The first European Policy Summit on non-alcoholic fatty liver disease was organised by the European Liver Patients’ Association (ELPA) in partnership with the European Association for the Study of the Liver (EASL) and took place in the European Parliament the 31 of May 2017 hosted by Alojz Peterle, Member of the European Parliament (MEP). The event was moderated by ELPA Vice President Marko Korenjak and EASL EU Counsellor Prof Helena Cortez-Pinto.

The Summit was divided into four parts: a session setting out the challenges and giving a medical overview, followed by three different sessions aimed at identifying the economic burden of the disease, defining the role of the EU and what concretely it can do to fight this disease and presenting the patient perspective. The Summit gathered together European and national policy makers, leading clinicians, experts and patient advocacy groups active in liver diseases to call for a concrete action across Europe in the face of the next major public health challenge to be faced in Europe. As Alojz Peterle stated: “as Members of the European Parliament we were elected to represent the voice of the European citizens. When it comes to health issues we must therefore speak in one voice with our patients and do everything in our power and position to put NAFLD-NASH challenge in the centre of our policy efforts”.

The Summit had the following main objectives:
– Make policy-makers, decision-makers and general public understand what NAFLD-NASH are
and their socio-economic impact on our society.
– Identify how policy can help put in place an effective strategy to face this new public health threat.
– Identify concrete next steps that would help in tackling this new challenge.
– Start engaging key stakeholders to find effective policy answers.
– Establish ELPA – EASL leadership in non-alcoholic fatty liver disease policy arena.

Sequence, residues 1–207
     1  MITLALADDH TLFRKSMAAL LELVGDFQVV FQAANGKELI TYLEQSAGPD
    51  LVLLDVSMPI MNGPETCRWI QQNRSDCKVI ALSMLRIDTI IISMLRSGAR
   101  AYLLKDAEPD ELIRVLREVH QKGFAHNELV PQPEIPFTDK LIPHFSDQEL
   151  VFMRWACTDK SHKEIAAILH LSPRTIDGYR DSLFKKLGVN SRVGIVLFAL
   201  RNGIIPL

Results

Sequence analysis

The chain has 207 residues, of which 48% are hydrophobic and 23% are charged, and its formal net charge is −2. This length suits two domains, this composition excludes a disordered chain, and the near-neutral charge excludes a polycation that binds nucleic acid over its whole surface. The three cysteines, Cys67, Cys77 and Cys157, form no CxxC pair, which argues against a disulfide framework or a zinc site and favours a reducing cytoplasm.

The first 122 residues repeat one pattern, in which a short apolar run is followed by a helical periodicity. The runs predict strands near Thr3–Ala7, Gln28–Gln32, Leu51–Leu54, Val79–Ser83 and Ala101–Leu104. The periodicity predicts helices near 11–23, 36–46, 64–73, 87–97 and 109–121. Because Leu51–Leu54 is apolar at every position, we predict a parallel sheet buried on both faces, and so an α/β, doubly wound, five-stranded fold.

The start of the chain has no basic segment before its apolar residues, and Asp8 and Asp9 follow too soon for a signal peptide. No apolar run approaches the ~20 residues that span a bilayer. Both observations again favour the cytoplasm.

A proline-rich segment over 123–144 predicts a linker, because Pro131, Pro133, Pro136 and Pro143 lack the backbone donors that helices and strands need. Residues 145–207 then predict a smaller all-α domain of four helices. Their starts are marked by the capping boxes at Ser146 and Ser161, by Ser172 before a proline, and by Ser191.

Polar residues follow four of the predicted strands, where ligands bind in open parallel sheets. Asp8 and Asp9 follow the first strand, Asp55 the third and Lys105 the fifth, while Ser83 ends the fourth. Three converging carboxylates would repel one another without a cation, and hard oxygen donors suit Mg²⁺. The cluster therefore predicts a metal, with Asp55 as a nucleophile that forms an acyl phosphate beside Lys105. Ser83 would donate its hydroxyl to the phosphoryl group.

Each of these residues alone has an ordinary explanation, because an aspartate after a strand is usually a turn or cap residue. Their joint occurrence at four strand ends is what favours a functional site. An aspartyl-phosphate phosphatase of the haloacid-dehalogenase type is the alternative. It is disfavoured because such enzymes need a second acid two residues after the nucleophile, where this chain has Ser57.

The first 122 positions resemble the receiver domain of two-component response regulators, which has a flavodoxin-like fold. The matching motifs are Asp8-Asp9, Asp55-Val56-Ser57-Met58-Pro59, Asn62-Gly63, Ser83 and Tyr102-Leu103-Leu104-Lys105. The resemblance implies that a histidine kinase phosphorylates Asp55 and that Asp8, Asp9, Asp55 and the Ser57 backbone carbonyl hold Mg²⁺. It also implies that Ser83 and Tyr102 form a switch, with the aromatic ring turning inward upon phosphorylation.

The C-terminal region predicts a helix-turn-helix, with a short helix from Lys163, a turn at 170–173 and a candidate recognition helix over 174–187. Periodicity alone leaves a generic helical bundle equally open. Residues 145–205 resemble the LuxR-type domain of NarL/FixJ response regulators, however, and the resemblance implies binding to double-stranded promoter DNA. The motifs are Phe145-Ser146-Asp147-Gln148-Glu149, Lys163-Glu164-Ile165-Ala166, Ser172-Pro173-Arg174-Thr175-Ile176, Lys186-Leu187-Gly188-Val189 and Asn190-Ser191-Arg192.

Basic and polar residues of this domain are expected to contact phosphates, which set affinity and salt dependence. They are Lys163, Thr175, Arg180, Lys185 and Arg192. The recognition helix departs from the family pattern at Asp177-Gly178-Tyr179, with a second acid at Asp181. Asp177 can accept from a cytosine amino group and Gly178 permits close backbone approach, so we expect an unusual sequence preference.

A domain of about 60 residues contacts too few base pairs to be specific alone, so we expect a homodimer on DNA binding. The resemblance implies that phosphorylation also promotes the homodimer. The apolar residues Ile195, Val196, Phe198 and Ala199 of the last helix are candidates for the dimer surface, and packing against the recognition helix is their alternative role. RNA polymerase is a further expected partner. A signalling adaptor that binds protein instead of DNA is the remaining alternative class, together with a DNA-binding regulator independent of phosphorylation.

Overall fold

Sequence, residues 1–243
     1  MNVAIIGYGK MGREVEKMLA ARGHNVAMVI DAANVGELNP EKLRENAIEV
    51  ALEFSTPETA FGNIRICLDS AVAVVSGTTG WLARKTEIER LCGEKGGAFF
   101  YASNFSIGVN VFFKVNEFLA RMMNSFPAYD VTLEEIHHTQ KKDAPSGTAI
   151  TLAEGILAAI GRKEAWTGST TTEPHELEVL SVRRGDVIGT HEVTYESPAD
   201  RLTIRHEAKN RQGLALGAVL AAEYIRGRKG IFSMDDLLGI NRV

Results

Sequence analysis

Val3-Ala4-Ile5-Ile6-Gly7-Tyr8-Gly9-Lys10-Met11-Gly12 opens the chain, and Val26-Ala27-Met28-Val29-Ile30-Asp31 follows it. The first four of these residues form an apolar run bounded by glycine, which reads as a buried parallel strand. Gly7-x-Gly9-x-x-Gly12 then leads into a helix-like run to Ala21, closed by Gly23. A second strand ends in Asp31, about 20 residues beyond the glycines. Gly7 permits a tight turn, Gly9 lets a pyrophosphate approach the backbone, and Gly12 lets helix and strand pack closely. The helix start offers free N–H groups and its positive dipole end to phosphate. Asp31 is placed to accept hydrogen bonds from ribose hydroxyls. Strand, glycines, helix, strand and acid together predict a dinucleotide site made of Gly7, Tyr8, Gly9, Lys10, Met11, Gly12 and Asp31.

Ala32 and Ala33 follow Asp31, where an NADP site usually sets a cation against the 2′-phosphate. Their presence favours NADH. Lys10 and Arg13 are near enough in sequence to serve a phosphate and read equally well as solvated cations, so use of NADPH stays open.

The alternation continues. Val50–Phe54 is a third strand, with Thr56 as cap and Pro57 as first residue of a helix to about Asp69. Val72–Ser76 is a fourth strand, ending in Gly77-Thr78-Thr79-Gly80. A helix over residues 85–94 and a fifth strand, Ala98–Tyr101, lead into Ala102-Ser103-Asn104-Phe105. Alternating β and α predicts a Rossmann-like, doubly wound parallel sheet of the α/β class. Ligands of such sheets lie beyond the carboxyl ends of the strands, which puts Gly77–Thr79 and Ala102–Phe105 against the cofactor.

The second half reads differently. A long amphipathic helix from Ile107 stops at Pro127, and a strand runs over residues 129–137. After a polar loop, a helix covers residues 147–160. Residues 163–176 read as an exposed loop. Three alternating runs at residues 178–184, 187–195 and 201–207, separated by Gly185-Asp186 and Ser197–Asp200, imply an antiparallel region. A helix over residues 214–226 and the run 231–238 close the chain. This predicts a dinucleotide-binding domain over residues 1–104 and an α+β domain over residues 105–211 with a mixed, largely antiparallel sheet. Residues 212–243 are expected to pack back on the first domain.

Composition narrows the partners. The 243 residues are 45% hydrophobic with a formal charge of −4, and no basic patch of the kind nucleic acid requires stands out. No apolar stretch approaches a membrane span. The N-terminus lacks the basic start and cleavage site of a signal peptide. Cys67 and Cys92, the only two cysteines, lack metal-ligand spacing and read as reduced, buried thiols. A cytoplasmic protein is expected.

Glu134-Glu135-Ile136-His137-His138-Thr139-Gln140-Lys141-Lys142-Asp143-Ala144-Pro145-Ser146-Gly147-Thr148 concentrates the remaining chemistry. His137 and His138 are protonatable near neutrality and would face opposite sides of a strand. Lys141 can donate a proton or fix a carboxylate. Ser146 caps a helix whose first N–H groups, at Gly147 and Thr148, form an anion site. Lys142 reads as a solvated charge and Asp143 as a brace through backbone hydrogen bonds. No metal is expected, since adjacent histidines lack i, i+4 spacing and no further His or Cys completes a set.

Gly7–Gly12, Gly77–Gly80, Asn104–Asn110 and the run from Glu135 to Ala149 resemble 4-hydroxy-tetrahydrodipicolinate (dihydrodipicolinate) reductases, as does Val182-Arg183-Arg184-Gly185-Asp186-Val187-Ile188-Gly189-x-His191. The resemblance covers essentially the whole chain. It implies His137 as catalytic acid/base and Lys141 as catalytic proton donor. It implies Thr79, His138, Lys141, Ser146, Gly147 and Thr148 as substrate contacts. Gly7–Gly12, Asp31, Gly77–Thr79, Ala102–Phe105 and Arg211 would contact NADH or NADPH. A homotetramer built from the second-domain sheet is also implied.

Prof. Vlad Ratziu introduced the clinical aspects of NAFLD and NASH highlighting how statistics for nonalcoholic fatty liver disease are alarming: at global level its prevalence is 25% and it affects all strata of the population. He called for interventions that will also have an impact on other non-commutable diseases including cardiovascular diseases and diabetes. Dr. Homie Razavi anticipated the results of its study on disease burden of non-alcoholic fatty liver disease showing that in absence of interventions liver diseases associated with NAFLD will more than double over the next 15 years. He suggested that the EU should promote awareness of NAFLD and strategies to reduce the disease burden (including weight loss and diet) and called for better reporting systems to track NAFLD related disease burden to measure progress. Participants explored potential measures to reduce the burden of the disease and to mitigate the impact that non-alcoholic fatty liver diseases will have on the sustainability of European healthcare systems as ELPA President, Tatjana Reic, pointed out: “the seriousness of NAFLD and the potential impact it will have on healthcare systems needs to be recognised and addressed before we encounter an epidemic across Europe. The community needs to take action to establish effective policies for early detection and effective therapies, and put more effort into prevention policies across the European Union.” ELPA Vice President, Marko Korenjak, asked for “a strong role of patient organizations and of European policy-makers in facing this new public health challenge to ensure that this topic is high on the political agenda in order to find adequate solutions to avoid that action will be taken too late when this epidemic will have badly hitten Europe and its member healthcare systems”. For, European Parliament is the voice of the citizens therefore one of the voices of patients in Europe together with patient organizations. At present, these diseases are not a priority in the EU. Although EU member states are guardian of the exclusive competence on health, the European institutions could act vigorously inducing member countries to take action on this new public health challenge. The hepatitis C example was mentioned as a pathway